Re: Everything counts, in large amounts
I think this has less to do with carefully targeting the right lies, and more to do with basic psychology.
In essence, people are more inclined to agree with things that feel, or sound right to them - this is a basic bias that is present in everyone (myself included). The problem is that reality is complicated, and things that are true don't often translate into simple soundbites in the same way that outrageous lies do.
The result of this is that printing big numbers on the sides of buses and implying that large amounts of money might go to the NHS gets people's gut feelings, despite being almost entirely devoid of any factual content.
The more subtle argument about how sending lots of money to the EU in 'membership dues' actually saves the country money that would otherwise have to be spent on things like paperwork, trade tariffs, coordinating international policing etc. etc. gets sidelined, and even worse, gets negated by the loud (and easy) shouting down and name-calling from those who are prepared to come up with those 'truthy' soundbites.
The cause of this is basic human nature - we have two decision making processes; gut feeling and critical thinking. One is easy (and often wrong), and the other is hard, and needs to be taught. Those who would like to control the masses also don't really like to have them doing too much of the latter, so critical thought is discouraged (historically in a religious context, and now increasingly in schools). Those who base their decision-making on facts and evidence are maligned as 'educated elites', 'liberal lefties' and 'so called experts'.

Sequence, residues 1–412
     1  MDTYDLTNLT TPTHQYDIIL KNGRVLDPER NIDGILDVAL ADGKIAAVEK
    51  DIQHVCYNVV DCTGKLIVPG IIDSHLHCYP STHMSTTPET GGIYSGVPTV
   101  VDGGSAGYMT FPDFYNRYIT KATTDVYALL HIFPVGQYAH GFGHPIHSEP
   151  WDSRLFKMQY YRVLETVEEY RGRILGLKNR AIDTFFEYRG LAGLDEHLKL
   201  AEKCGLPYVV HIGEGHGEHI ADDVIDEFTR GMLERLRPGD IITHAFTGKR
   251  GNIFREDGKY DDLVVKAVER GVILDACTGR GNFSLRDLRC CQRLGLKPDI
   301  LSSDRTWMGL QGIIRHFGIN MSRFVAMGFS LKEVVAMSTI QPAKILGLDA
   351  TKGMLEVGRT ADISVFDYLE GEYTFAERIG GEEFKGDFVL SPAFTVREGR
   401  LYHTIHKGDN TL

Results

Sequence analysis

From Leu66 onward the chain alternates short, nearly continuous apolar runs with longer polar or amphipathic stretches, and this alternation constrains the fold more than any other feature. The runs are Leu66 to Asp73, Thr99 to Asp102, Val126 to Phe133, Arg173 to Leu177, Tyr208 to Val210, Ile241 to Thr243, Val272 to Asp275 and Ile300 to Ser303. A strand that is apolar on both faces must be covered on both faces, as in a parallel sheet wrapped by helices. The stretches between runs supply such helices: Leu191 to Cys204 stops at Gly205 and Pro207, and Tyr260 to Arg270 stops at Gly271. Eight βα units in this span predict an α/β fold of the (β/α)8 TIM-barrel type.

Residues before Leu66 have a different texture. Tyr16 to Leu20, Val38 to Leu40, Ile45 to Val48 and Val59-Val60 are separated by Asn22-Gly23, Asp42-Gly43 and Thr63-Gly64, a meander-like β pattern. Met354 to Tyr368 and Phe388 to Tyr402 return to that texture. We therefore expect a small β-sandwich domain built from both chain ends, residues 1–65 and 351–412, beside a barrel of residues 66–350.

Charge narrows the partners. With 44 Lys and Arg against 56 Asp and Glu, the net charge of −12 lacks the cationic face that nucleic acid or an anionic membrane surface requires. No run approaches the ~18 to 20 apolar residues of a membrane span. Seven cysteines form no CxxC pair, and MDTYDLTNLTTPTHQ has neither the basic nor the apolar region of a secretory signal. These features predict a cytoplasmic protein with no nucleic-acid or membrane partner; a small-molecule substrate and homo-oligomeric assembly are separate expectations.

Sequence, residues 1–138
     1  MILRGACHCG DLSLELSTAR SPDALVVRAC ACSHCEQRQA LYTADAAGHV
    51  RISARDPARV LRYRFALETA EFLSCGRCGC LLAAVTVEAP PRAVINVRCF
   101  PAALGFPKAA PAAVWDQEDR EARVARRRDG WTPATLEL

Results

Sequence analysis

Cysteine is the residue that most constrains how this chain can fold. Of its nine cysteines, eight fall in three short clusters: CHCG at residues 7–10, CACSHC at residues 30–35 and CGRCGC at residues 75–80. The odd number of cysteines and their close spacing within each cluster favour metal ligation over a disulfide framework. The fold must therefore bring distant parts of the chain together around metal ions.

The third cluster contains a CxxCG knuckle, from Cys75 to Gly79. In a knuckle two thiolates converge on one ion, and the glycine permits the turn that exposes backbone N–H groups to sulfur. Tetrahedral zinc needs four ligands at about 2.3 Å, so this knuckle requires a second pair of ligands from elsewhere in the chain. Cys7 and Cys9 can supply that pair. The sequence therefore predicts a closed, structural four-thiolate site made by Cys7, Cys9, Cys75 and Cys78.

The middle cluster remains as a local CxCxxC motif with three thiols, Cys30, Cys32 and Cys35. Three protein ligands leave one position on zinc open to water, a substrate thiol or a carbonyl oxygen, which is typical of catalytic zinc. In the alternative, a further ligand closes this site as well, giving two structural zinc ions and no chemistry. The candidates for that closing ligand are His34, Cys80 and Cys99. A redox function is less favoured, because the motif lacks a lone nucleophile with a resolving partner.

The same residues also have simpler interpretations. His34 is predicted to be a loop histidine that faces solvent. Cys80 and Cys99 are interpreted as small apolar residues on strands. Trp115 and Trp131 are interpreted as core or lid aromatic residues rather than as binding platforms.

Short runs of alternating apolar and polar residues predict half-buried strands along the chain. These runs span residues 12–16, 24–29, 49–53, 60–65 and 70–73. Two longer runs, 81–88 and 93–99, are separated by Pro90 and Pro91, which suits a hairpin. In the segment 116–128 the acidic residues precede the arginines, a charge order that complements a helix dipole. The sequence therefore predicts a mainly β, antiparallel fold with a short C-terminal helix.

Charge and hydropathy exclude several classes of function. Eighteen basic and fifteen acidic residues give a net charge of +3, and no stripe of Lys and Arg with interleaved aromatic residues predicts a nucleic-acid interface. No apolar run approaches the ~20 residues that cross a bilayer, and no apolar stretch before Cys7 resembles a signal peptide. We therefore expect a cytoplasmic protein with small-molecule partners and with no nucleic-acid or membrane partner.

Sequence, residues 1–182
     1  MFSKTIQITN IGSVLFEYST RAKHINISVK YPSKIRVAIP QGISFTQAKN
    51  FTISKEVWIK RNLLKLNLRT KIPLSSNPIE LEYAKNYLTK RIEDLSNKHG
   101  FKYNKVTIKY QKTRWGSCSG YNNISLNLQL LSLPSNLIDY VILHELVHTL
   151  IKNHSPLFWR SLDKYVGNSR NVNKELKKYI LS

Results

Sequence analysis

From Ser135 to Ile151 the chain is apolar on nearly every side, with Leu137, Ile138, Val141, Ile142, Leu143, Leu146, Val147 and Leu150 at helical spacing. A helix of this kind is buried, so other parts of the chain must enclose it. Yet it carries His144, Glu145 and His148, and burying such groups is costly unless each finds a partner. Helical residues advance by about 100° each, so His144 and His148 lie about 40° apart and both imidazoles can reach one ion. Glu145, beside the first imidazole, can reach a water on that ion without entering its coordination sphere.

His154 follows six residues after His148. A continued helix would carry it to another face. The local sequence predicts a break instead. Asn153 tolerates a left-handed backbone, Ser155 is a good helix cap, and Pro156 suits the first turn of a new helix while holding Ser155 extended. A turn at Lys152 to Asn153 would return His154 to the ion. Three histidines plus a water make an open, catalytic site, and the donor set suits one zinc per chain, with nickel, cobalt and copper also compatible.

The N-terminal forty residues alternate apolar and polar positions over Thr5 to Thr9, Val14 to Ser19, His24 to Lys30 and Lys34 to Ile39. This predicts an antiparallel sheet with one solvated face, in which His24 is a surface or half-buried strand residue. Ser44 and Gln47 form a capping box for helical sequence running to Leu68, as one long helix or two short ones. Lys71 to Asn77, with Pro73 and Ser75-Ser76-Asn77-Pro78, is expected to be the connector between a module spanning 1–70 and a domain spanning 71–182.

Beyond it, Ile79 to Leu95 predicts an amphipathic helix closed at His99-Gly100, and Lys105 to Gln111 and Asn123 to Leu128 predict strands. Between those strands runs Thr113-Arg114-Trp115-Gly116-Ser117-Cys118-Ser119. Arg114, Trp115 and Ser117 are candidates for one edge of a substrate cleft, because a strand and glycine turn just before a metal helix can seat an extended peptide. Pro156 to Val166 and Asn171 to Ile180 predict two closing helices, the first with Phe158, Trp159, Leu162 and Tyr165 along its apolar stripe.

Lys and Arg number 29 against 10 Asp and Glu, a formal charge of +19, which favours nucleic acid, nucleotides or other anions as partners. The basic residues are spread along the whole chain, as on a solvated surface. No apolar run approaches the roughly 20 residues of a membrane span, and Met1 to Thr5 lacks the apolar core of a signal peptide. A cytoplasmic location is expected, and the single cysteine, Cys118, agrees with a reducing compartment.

In this country we also have a culture of underachievement (those who try hard in school are bullied for it) so when we don't work hard, and expect a cushy job, we act all surprised when someone comes in from another country and undercuts us because they have a better work ethic. The 'easy' answer here is to blame immigrants, the fact-based one is that if we applied ourselves, we would be able to out-compete them, since we don't have the disadvantage of having to move to a foreign country where we don't speak the language. Obviously, this is an over-simplification; another element to this is exploitative employers who can more easily mistreat foreign workers who may not know, or be willing to apply their legal employment rights. Again, immigrants are not to blame here, and to suggest that someone from another country is coming here to 'steal' jobs is the sort of xenophobic drivel you'd read in the Daily Heil.
Anyway, I've wandered a little off-topic. My basic point here is that good decision making skills are not innate in human nature, we have evolved to make snap decisions and to be led by consensus. Whilst these traits can be manipulated, this can also be mitigated by teaching critical thinking to our children. If we did, we might not even have to point out that people should fact-check things they read on the internet...